Over 30 years of professional writing, and I don’t know how to start this piece.
On Lessons Learned
Losing my husband, Mohammad, I called him Shobi – suddenly to colon cancer – over two and a half years ago has been a nightmare I still can’t fathom some days. He drove himself to the ER, never made it out – in a span of two days. Our 22 years together ended as if I had dreamt them. Life as I knew it – ended in 2020. Leaving Fort McMurray to get away from the memories – because every street, venue, even the salad section at the nearby grocery store – turned into a trigger – became necessary.
When it all happened, I learned I wasn’t as strong as I thought, or worse, the world thought of me. In fact, I began to resent the word “strong” when anyone used it to describe me, which was too often. Strong people don’t flee the cities they love. However, moving to Florida to be close to my parents, and sisters was the best decision I made for myself, and my boys.
Multiple friends have asked me to share lessons I learned through this journey. What do I tell them? What do I tell you? So here goes nothing, or something, on how I picked up the million jagged pieces that became me – with the help of God, my family and dear friends.
Faith is the Ultimate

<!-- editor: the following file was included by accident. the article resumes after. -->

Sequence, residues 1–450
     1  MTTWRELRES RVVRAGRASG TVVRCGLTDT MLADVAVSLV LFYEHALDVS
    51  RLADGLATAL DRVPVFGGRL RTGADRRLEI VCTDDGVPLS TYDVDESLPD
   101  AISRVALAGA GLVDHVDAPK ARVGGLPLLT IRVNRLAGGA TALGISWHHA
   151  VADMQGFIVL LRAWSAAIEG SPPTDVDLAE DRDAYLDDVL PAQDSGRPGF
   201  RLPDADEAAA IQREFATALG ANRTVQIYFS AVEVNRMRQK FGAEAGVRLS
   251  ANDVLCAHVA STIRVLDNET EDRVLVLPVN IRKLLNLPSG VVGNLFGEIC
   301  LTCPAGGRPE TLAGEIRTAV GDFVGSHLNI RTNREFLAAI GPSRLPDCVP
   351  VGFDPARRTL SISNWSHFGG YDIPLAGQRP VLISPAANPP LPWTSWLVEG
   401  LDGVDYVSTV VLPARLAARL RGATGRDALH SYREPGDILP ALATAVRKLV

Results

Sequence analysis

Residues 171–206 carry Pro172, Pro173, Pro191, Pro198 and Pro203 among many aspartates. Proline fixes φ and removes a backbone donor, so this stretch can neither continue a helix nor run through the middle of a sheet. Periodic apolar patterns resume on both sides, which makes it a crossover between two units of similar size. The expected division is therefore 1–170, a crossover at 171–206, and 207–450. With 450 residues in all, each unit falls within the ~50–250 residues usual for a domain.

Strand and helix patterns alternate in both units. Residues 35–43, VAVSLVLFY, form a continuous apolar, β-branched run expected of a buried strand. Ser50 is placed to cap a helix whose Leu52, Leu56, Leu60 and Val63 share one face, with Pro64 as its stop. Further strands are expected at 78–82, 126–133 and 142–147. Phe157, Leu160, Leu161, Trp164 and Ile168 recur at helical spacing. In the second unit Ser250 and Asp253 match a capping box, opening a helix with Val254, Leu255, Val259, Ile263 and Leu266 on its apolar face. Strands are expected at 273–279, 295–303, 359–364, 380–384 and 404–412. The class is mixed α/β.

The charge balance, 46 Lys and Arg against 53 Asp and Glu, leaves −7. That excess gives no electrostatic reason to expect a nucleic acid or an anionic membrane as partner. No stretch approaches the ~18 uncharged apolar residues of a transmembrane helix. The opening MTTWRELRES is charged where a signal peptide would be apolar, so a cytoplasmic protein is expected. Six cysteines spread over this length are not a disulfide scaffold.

As a practicing Muslim, looking to Allah, God, the Almighty during this upheaval, brought answers, ongoing healing, and needed solace. Thanks to my sister, who taught me her mantra, “Allah’s Will is My Way,” these words helped heal my seared soul. My faith has always been my anchor and became even stronger as all of this happened. I prayed even when I didn’t know what to ask for. He provided guidance. He provided direction. Faith was the light on days that were indigo dark and rendered me blind. On days when I felt lost beyond any help, my unwavering faith remained my compass.
Grief Guts You
It’s astonishing – the way grief works, and the millions of questions it brings. It guts you, lets you put yourself together, only to put you through the wringer again. Get therapy before you need it, as in, don’t wait for it to become an ultimate need. “Kell” became my lifeline. Her gentle guidance through the early days – my boys and I started 11 days after my husband’s death – was invaluable. From tips like Progressive Muscle Relaxation (PMR), which helps anxiety as you squeeze and relax muscle groups from your toes to eyes – to filtering my thoughts to focus on the present – there are things only a therapist can help you through. The waves of grief, which can turn into a tsunami in a blink need an objective bridge. Navigating the abyss of anxiety is not possible without a good guide, your therapist will be that guide.
Family is Everything
A community I deeply loved, my friends, work, volunteering, projects created/supported – two decades of innumerable memories. I wrapped it all up to move to the other side of the continent. It wasn’t an easy decision, but it was the right one. My parents and sister live in Florida. My youngest sister and brother-in-law are in California. The wrap-around support I needed for my soul, was here, and it became my continuous healing, especially my Mom. After Allah, she was the reason for my healing, and continues to be. A mother’s love is incomparable, and a blessing I never take for granted. My parents are five minutes away from me, my sister is my neighbor, they are my haven, and the reason for my healing.
Friends are a Blessing